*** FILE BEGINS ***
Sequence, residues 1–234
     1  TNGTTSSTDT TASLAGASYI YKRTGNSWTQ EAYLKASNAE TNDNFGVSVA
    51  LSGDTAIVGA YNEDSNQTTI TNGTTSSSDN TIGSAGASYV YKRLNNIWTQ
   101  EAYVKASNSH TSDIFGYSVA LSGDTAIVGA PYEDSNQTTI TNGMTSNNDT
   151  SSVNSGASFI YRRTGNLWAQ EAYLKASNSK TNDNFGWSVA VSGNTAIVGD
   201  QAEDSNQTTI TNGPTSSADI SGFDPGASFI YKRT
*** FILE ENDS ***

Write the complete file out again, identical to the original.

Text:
Sequence, residues 1–234
     1  TNGTTSSTDT TASLAGASYI YKRTGNSWTQ EAYLKASNAE TNDNFGVSVA
    51  LSGDTAIVGA YNEDSNQTTI TNGTTSSSDN TIGSAGASYV YKRLNNIWTQ
   101  EAYVKASNSH TSDIFGYSVA LSGDTAIVGA PYEDSNQTTI TNGMTSNNDT
   151  SSVNSGASFI YRRTGNLWAQ EAYLKASNSK TNDNFGWSVA VSGNTAIVGD
   201  QAEDSNQTTI TNGPTSSADI SGFDPGASFI YKRT